Wednesday, May 30, 2012

Sometimes You Have To Laugh....Even in the Midst of It

If you've read any of the last posts, you know that our life lately has been rough.  Er.  Rougher than normal rough.  No laughing matter, frankly.  But sometimes something happens in the middle of it all that is just hilarious.

And I consider it a true gift from God.  You've gotta' laugh when you're in the middle of this or something much worse than crying will ensue!

Last Saturday was that kind of gift.  My husband and I attended a wedding.  It was really at an awkward time since my oldest three kids were set to perform in their year-end choir concert.  Complete with formal gowns, gloves, a tuxedo and a bow tie.

However, one of my husband's younger friends was getting married, and we felt that it was important to go.  So the plan was for my almost-sixteen year old to babysit, and everyone was supposed to shower and get ready to get ready.  And then I'd swoop in with an hour to spare and help everyone finish up.

So the gift of laughter first arrived within three or four minutes of being seated in the pew at the church.  My lovely, love-of-my life, wouldn't trade him in for anything, husband began nodding off.  As he is famous for.  (But this was early, even for him.)  And I started the finger poking and arm nudging routine. Funny.  My insides were a little giggly.

By the end of the ten minute service, I had poked and prodded him for at least three or four separate sleeping infractions.   Thank goodness we were in the back!

Then we went to the church gym for the lovely reception, right up my husband's alley...barbeque with all the fixin's.  He wasn't sleeping anymore!  We enjoyed the was a date, really, and we reminisced about our wedding and laughed at some things that we would change if we could do it over again.

And then we got a text from my oldest daughter.  Sweet girl could not get the dress on.  And a raging fit followed, complete with breaking glass cups.  Ugh.  I told her to not engage, go into our room and we'd be home ASAP.

Then another text.  Pictures of broken glass.  Argh.

Then another text.  I held my breath for what would be worse than intentionally broken glass.  But this text was about my boy.  Who was supposed to be in the shower during this episode.  Only he wasn't really.  He was using my new hair scissors to cut off his eyebrows.

The gift was fully unwrapped.  I laughed.  I thought about it some more and laughed harder.  By the time we got to the car, I was laughing so hard that tears were streaming down my cheeks, and I was making strange noises because I couldn't catch my breath.  I laughed so hard that I had to lean on the minivan and gain my composure.

When we got home, clothing sensitivity and outrageous tantrums were in full swing.  There was no calming things down, making things better.  Getting to the concert was an exhausting, crushing event.  But once the concert started and I looked at my boy on that stage....all fancied up in his tux, fresh haircut and.....slanted eyebrows that made him look like an angry cartoon character, a warm smile crept over me.  And a tear slid down my face.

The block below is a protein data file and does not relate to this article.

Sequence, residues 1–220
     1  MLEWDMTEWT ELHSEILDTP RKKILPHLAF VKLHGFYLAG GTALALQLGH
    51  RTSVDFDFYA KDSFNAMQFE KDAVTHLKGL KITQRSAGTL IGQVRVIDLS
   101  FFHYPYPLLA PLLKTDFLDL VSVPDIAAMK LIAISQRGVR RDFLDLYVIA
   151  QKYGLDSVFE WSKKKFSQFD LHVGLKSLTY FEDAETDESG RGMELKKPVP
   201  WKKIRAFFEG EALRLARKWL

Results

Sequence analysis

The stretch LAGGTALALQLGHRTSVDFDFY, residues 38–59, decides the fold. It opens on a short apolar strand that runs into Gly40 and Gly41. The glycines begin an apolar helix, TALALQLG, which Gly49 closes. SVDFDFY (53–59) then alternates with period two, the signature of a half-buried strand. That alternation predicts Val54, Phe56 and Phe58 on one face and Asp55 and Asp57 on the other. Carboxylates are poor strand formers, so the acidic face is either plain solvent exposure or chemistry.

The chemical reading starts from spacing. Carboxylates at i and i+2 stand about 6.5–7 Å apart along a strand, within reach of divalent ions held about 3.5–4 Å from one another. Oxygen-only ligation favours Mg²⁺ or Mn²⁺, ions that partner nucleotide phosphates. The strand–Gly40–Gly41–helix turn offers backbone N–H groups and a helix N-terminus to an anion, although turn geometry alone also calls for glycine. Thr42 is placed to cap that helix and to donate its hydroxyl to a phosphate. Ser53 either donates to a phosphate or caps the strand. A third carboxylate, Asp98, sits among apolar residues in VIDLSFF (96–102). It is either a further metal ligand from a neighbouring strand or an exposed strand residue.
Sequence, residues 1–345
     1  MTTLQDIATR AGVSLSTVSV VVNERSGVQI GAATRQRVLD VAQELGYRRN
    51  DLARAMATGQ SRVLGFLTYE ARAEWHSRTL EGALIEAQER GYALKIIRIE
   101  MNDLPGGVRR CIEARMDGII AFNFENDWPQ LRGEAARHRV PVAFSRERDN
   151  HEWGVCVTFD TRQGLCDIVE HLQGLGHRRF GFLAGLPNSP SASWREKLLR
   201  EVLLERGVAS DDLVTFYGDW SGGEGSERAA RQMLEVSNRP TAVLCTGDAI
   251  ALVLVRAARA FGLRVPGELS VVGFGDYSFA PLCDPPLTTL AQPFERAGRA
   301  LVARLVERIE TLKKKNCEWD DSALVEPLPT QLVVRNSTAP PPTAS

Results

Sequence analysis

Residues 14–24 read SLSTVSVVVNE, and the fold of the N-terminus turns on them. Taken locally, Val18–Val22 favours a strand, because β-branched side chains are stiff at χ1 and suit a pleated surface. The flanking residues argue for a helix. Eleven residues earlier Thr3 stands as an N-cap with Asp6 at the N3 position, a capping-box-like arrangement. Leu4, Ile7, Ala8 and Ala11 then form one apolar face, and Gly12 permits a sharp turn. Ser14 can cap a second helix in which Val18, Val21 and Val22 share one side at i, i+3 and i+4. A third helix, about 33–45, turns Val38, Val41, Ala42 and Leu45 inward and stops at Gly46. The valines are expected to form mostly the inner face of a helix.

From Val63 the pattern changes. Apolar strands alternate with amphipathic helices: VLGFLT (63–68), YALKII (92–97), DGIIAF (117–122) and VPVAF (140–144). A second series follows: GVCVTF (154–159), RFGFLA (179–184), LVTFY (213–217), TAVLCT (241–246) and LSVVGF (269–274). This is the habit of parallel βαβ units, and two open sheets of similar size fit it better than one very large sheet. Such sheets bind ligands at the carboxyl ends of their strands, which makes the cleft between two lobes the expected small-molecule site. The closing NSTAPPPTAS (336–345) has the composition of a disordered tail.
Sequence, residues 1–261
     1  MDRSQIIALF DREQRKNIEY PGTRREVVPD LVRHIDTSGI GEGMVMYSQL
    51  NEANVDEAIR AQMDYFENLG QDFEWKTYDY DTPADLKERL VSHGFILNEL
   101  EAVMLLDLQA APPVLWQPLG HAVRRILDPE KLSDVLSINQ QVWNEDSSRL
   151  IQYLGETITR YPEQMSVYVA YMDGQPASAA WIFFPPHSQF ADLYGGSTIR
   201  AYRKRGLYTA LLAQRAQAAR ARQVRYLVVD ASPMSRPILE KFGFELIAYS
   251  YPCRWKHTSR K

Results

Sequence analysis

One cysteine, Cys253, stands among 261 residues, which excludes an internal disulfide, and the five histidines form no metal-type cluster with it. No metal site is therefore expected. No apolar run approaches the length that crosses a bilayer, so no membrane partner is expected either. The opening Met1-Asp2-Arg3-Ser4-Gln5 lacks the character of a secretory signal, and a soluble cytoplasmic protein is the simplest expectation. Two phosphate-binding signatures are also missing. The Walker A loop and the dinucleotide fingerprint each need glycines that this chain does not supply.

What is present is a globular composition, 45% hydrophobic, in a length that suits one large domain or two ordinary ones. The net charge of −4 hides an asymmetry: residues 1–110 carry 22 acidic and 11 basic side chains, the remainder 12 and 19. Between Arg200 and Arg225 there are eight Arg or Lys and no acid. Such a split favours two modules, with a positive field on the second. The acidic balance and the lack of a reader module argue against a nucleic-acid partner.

Tuesday, May 29, 2012

just some thoughts.....

Another day, another exhausting episode or two with only more to come.  Today is the first day of summer.  The first day that my daughter will be home all day, every day, with the exception of a couple of VBS programs, some math tutoring and a mini-vacation or two.  And I look ahead to a very tiring time.

She has now been on something similar to Tegretol for three months.  Initially, she had two fantastic days, and then back to the same old song and dance.  Her psychiatrist increased the med from 100 mg twice a day to 300 mg twice a day.  I would say that it is affecting her like water.  Wait, water would probably be better in that it might slightly detox her.  She is also on Abilify, which we have increased substantially.  To the point that I really don't want to go any higher.

I look back over the past 18 months, and although we have had some times that have been a little more bearable, there really has been no good time.  What's more, her maturity level has either decreased or she's just been passed up by other kids her age.  And she now has these obsessions, which are relatively new.  Not like you think of an autistic kid playing with toy car wheels, but obsessed over a sad story that she saw on the internet and trying to corner anyone she can to watch the rather lengthy video.  Making posters about the baby boy in the video, etc., etc.

So, I'm not really feeling the medication groove right now.  We're backing down off of Tegretol, increasing vit c, niacin and researching some more.  Strengthening resolve with yeast detox.  More water intake.  Trying to boost her immune system, increase her detox, support her liver.  She'll stay on a high dose of Abilify.  At least for right now.

Our psychiatrist says he's going to have to do some more research.  Always a banner day when your psychiatrist who has dealt with things like this for 30+years is stumped by your case.

So I am now reading Body Ecology by Donna Gates and What Works for Bipolar Kids by Pavuluri.  I'l let you know what I find out....